there's an interesting article about the fiat group in the economist. unlike other mags you can actually believe what you read in the economist.
Fiat | Rebirth of a carmaker | Economist.com
"According to Mr Wester, before 2005, every part in an Alfa Romeo, down to the last screw, could be slightly different from that on a similar-sized Fiat. In 2006 the group was using 19 different platforms. By 2012 it will have just six."
"Using a patented Fiat technology that does away with camshafts and valve gear, the first engine to be launched next year will be an 80bhp twin-cylinder turbo 900cc engine that will emit only 69g of CO2 per kilometre—just over half the proposed EU target for 2012."
"Although Mr Marchionne sees Lancia as a purely European marque, he has said that he wants Alfa Romeo to return to America for the first time since the early 1990s. He is looking for a partner, possibly Chrysler, to build the cars there within the next three or four years. Mr Marchionne believes that despite having lost its way many years ago, Alfa is still a world brand that people identify with. He says: “Alfa was known for lighter, faster, more agile vehicles. Who doesn't remember the Duetto in 'The Graduate'? It's just a pity we ended up doing the exact opposite of what Alfa drivers wanted. The 159 is one of the heaviest D-segment cars around. We have to go back and clean that up.”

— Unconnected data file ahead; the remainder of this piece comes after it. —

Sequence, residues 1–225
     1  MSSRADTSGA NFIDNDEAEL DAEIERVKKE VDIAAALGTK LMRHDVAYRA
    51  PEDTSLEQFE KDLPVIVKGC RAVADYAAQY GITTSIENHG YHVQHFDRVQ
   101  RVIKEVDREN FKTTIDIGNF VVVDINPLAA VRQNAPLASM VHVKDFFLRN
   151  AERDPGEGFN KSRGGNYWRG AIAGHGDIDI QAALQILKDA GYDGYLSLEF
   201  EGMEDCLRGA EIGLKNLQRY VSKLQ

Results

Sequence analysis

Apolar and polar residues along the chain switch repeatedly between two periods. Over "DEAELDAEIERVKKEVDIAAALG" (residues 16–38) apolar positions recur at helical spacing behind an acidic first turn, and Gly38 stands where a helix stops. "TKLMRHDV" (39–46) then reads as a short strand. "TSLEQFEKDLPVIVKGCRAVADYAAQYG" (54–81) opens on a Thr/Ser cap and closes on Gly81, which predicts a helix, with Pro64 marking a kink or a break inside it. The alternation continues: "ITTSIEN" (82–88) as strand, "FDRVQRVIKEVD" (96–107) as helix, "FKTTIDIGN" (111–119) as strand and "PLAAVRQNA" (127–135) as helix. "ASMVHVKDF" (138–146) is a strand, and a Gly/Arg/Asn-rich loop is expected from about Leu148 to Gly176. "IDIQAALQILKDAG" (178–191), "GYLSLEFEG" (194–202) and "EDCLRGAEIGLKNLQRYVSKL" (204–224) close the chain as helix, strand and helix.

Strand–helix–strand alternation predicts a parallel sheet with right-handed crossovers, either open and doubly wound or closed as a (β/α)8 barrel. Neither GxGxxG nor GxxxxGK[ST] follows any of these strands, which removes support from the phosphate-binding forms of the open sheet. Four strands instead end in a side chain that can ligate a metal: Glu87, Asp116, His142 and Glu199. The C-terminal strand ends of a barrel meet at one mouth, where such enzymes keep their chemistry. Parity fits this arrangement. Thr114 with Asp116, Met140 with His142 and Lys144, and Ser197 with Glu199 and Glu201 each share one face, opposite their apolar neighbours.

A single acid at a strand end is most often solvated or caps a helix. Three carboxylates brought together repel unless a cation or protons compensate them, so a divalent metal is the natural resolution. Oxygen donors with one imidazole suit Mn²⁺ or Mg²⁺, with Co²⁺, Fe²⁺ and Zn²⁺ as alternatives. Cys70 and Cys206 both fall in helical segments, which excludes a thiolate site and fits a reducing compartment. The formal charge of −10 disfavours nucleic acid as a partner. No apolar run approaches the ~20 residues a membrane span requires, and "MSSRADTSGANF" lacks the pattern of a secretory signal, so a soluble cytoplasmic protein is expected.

"Mr Marchionne says that the MiTo (the name stands for Milan and Turin), which will be launched this summer, will “come up looking and smelling like Alfas of the future”, but that it is the 149 which will really set the mark for the rest of Alfa's range. He says: “We threw the 149 back for more than 30 months because it wasn't enough of an improvement. It was the smartest thing we've ever done.” Mr Marchionne has set Alfa and Lancia sales targets of 300,000 each in 2010. Last year they managed only 275,000 combined."